US

Study: Lagging US Life Expectancy Soon Might Be ‘Similar’ To Mexico

With life expectancy in the United States already trailing other “high-income” nations, a new study suggests the country is likely to fall further behind, occupying levels “similar” to Mexico and the Czech Republic by 2030.

Life expectancy in the United States at birth in 2015 was 76.3 years for men and 81.2 years for women. By 2030, according to the analysis of industrialized nation’s longevity, the average life expectancy for men and women in the United States will be 79.5 and 83.3 years, respectively.

While the study projects an increase in American life expectancies, the figures are on the low-end when compared with the rest of the industrialized world.

“Notable among poor-performing countries is the USA, whose life expectancy at birth is already lower than most other high-income countries, and is projected to fall further behind such that its 2030 life expectancy at birth might be similar to the Czech Republic for men, and Croatia and Mexico for women,” the study reads. The report was funded by the UK Medical Research Council and published in The Lancet on Tuesday.

According to the study’s projections, the five countries with the highest life expectancy at birth for men in 2030 will be South Korea (84.1), Australia (84.0), Switzerland (84.0), Canada (83.9), and the Netherlands (83.7). Meanwhile, the top five life expectancy countries for women will be South Korea (90.8), France (88.6), Japan (88.4), Spain (88.1), and Switzerland (87.7).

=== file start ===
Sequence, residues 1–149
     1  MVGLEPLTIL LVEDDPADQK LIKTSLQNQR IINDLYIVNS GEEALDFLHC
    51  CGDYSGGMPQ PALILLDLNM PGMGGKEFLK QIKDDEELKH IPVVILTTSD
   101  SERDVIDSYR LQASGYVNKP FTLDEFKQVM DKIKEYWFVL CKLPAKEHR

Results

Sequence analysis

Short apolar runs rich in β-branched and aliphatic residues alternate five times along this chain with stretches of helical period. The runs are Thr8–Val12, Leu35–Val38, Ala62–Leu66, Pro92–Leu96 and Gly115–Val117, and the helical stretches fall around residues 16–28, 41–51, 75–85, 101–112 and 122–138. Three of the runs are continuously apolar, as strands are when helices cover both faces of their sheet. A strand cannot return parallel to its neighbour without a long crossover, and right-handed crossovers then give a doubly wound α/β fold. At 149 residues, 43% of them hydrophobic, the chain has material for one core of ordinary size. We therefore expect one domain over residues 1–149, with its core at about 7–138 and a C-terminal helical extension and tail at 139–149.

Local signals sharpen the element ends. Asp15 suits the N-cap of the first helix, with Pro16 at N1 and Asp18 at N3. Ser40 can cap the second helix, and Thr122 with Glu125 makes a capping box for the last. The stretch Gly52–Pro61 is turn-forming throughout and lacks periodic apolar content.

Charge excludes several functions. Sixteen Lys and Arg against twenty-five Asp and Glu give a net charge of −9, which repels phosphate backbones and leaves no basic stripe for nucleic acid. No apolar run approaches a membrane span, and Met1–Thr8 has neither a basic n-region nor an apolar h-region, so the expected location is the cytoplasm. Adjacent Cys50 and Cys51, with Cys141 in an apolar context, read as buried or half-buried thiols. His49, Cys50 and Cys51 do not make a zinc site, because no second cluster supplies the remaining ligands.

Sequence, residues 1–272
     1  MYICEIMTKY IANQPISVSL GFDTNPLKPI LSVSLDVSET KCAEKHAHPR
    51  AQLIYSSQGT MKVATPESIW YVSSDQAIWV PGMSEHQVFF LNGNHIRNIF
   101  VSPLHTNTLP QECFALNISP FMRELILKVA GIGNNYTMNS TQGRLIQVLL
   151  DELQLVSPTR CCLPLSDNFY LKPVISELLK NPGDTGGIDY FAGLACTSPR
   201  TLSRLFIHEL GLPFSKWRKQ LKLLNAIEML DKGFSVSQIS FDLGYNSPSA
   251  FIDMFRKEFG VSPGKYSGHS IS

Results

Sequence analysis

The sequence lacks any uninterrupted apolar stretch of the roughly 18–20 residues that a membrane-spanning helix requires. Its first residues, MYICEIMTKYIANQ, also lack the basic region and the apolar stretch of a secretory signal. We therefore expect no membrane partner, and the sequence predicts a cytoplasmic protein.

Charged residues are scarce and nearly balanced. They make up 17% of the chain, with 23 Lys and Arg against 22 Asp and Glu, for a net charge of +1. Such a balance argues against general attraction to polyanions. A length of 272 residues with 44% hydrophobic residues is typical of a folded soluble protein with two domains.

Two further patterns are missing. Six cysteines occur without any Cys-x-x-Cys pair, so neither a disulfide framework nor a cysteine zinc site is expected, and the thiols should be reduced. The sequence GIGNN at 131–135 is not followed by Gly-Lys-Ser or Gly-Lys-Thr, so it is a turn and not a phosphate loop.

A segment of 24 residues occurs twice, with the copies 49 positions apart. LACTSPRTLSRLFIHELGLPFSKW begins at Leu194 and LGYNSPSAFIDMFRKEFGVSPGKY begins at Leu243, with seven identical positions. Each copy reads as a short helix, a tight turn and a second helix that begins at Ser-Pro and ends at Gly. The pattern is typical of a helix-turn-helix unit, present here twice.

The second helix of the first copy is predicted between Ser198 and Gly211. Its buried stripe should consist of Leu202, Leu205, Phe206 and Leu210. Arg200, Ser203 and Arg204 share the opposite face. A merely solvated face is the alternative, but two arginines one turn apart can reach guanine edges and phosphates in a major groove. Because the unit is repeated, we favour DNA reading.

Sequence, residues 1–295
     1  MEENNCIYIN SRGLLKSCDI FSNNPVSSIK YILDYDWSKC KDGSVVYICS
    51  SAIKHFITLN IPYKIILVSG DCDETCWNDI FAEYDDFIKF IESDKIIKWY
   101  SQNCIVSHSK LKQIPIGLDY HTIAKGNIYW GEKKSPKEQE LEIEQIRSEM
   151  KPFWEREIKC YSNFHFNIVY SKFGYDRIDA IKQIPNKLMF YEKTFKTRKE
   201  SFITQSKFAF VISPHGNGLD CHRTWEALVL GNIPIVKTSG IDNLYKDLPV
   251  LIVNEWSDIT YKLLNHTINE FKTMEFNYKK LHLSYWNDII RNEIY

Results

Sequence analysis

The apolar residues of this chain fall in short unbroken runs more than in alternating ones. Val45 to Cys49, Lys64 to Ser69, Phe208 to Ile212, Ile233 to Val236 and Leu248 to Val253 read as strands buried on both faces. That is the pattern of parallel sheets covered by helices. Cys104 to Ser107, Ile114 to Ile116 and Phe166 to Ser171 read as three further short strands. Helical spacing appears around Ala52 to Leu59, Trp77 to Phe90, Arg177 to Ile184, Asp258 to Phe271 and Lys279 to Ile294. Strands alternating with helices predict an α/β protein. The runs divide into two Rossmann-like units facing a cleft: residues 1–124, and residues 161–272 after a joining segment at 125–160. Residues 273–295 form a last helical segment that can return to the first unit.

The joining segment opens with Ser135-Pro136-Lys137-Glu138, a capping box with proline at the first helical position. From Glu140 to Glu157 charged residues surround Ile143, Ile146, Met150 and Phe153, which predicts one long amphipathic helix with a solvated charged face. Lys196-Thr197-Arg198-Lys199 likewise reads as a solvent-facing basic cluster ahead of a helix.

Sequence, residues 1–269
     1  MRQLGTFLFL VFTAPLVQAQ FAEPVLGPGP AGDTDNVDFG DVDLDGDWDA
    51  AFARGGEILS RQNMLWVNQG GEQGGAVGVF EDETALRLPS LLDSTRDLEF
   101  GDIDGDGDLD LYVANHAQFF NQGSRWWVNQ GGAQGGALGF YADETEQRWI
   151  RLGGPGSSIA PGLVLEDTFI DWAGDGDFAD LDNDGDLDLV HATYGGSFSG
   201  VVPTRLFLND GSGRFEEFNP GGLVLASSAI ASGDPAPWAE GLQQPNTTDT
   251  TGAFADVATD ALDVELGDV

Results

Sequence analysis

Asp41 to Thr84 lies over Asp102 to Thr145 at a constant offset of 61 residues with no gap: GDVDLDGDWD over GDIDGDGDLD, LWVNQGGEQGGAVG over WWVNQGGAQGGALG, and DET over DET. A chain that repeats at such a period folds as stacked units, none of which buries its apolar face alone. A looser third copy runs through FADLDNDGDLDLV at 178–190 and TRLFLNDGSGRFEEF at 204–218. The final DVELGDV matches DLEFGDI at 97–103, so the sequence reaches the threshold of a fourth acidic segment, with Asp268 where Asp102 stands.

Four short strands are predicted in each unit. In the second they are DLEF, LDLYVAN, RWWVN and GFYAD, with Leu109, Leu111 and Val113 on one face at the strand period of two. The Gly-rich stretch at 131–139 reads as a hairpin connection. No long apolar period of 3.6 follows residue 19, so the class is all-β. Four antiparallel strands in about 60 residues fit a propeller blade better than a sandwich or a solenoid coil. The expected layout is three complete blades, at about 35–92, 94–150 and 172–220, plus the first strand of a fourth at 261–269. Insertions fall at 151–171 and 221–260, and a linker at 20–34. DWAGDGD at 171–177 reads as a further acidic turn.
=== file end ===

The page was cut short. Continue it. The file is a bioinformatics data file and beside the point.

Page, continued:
The analysis pointed to several factors contributing to the comparatively lower life expectancy rates in the United States.

“The USA has the highest child and maternal mortality, homicide rate, and body-mass index of any high-income country, and was the first of high-income countries to experience a halt or possibly reversal of increase in height in adulthood, which is associated with higher longevity,” the study reads, highlighting the United States’ lack of a universal health care system.

Of particular interest to the researchers, however, was the projections for South Korean females born in 2030 — who are expected to have an average life expectancy of 90.8 years.

“We repeatedly hear that improvements in human longevity are about to come to an end. Many people used to believe that 90 years is the upper limit for life expectancy, but this research suggests we will break the 90-year-barrier. I don’t believe we’re anywhere near the upper limit of life expectancy — if there even is one,” Majid Ezzati, the study’s lead researcher from the School of Public Health at Imperial College London said in a statement.